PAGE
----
Lying just south of today's Old City walls, the City of David was the very core of Old Testament Jerusalem, built more than four millennia ago on a 15-acre spur over the vital Gihon Spring. It was given its royal Israelite sobriquet 1,000 years later, when the legendary King David conquered the city and made it his capital (II Samuel 5). Begin with the great rooftop observation point above the visitor center. Consider the 15-minute 3-D movie, despite its ideological bias; it's a good historical introduction to the site, especially for kids (call ahead for English-language show times). Below the floorboards of the center are the excavated remains of a large building of the 10th century BC, identified by some archaeologists as King David's fortified palace; others demur. A few flights of steps down from the center is Area G, dominated by a sloping structure of the same period, possibly a support ramp for the "palace" above. The most intriguing artifacts found here were 51 bullae,
clay seal impressions no bigger than a fingernail, used for sealing documents or official correspondence. Some were inscribed, in ancient Hebrew, with the names of personages mentioned in the biblical book of Jeremiah. There is strong circumstantial evidence to suggest that the bullae were baked into permanent pottery by the Babylonian burning of Jerusalem in 586 BC.
Take the steps about a third of the way down the hillside: a small sign on the right directs you to Warren's Shaft and the descent to the spring. Charles Warren, a British army engineer, discovered the spacious, sloping access tunnel—note the ancient chisel marks and rough-cut steps—in 1867. The deep vertical shaft that drops into the Spring of Gihon may not have been the actual biblical "gutter" or "water-shaft" through which David's warriors penetrated the city 3,000 years ago—it was apparently hewn in a later era—but an alternative access to the spring has kept the biblical story alive. Three centuries later, King Hezekiah of Judah had a horizontal tunnel dug through solid rock to bring the spring water safely into a new inner-city reservoir.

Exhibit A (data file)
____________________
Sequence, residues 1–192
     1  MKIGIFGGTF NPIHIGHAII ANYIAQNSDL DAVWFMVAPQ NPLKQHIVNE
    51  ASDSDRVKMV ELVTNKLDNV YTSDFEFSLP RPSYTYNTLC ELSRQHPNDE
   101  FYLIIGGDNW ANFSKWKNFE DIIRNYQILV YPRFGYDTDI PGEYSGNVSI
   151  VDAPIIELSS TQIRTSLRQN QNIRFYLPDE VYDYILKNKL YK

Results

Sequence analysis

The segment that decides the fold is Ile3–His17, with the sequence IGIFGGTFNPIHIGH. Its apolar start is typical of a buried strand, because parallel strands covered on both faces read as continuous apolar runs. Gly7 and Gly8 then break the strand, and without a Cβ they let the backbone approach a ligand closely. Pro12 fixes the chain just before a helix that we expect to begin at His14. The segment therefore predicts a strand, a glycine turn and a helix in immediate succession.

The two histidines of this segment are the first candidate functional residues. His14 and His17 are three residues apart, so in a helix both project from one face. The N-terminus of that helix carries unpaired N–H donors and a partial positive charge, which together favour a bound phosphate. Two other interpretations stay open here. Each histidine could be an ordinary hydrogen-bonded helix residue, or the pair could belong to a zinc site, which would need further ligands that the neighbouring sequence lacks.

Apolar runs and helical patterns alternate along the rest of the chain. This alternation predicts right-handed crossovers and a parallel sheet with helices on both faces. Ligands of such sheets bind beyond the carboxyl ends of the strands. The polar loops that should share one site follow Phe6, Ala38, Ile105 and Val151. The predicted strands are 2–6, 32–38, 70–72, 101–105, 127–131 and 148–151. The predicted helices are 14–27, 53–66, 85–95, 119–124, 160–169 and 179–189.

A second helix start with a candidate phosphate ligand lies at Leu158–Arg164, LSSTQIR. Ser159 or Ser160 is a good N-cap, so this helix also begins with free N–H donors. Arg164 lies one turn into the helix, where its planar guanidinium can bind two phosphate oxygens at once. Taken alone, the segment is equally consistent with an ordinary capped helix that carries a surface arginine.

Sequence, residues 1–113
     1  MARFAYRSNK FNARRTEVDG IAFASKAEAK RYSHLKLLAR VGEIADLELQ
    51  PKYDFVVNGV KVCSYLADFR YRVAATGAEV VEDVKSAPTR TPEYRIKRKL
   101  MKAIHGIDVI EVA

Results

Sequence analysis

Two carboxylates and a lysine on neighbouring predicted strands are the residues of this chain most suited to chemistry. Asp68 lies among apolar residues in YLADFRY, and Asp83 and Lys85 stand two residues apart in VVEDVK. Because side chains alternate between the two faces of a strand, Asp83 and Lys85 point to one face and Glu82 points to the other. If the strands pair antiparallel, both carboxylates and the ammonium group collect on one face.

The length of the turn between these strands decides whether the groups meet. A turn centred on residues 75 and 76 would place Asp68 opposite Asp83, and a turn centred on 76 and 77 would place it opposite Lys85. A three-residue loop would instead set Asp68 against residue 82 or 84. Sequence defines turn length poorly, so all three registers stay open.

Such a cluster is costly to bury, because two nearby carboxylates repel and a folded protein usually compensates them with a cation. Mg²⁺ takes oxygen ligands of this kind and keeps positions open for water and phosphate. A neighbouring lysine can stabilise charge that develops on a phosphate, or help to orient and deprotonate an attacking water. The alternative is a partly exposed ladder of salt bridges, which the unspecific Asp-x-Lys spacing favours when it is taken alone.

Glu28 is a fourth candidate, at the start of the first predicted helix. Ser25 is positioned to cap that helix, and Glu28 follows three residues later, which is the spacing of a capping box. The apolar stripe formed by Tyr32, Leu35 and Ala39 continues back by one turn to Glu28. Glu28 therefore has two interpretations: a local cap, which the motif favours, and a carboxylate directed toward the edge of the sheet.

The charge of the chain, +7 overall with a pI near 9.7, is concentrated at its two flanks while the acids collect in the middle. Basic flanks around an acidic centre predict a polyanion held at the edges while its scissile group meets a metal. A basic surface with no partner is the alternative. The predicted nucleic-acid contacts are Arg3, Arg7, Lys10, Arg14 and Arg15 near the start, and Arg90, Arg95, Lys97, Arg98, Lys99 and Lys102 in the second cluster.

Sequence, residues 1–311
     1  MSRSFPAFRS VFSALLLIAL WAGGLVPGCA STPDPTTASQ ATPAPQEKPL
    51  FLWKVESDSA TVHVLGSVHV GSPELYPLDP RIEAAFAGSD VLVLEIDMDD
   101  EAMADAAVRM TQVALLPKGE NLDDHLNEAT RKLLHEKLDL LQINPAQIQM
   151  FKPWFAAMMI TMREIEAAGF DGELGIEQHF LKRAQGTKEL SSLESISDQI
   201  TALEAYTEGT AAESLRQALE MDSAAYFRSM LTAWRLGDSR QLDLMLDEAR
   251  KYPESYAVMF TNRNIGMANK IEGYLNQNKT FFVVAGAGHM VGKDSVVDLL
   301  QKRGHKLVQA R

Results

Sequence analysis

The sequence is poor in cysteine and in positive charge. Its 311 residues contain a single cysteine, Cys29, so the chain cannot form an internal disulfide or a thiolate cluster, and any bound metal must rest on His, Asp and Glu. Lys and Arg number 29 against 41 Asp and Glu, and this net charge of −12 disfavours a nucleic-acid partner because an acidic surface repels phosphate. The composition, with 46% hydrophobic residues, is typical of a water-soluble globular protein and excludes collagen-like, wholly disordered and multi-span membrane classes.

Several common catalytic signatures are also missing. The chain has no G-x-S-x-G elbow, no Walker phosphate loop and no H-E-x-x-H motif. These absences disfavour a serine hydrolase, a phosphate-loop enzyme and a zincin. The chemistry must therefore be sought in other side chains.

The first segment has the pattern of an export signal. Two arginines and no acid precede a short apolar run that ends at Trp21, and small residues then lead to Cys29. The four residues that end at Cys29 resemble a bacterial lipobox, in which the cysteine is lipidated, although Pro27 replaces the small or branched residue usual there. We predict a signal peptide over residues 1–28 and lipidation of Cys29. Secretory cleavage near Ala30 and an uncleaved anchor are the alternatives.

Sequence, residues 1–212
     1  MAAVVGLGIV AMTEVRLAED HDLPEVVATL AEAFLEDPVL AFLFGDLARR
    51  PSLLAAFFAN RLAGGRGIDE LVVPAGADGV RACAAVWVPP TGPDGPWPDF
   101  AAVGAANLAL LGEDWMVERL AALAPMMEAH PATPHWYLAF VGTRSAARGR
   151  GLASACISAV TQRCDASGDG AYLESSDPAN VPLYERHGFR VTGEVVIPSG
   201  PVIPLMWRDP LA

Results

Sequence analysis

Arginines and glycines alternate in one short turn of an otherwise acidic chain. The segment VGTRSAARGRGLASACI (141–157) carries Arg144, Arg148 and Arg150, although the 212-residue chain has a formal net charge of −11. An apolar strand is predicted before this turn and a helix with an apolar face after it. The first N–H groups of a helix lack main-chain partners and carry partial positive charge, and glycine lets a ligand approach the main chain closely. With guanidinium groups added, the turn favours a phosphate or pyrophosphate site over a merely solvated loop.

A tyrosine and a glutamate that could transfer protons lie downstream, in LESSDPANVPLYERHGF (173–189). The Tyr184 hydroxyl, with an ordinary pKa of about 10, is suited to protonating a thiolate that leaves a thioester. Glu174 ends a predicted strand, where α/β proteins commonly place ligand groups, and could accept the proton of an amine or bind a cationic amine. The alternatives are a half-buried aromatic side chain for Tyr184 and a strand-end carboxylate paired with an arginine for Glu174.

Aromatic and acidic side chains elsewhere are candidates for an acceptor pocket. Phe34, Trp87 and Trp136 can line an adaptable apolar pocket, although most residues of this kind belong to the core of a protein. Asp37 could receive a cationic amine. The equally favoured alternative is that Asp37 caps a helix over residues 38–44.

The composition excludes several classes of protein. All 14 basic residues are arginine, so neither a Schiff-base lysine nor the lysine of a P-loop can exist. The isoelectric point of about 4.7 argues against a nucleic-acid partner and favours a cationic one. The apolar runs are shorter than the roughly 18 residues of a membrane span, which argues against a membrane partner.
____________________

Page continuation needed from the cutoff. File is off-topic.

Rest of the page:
The tunnel—variously called Siloam, Shilo'ach, or Hezekiah's Tunnel—can be waded today. You will need water shoes or sandals, a flashlight (cheap LED ones are on sale at the visitor center), and appropriate clothing: the water is thigh-deep for the first few minutes, and then below the knees for almost the entire length of the tunnel (a 30-minute walk). The visitor center has lockers for your gear. In this very conservative neighborhood, it's advisable for women to wear covering over their swimsuits when walking outside. The wade is not recommended for very small children or for claustrophobes of any age.
If you don't fancy getting wet, you can still view the spring, and then continue through the dry Canaanite tunnel to emerge above ground.
The tunnel ends in the Pool of Siloam, mentioned in the New Testament as the place where a blind man had his sight restored (John 9); the current pool is its Byzantine successor. From the exit, modern wooden steps take you down and over the large flagstones of a 1st-century-BC commercial street to the edge of an ancient pool unearthed in 2004 by city workers repairing a sewage pipe. Archaeologists exposed finely cut steps and two corners of the pool, apparently a large public mikvah, or Jewish ritual bath, for pilgrims who flocked here 2,000 years ago—and arguably the very pool of the Gospel miracle. Hezekiah's original pool remains hidden.
An underground Roman-period drainage ditch is the adventurous route back up the hill. For an additional fee you can continue still further north through the ditch (bypassing the visitor center), to the Jerusalem Archaeological Park inside the city walls. There is a shuttle van (NIS 5) from the pool up the steep hill back to the visitor center, but currently not from the dry exit.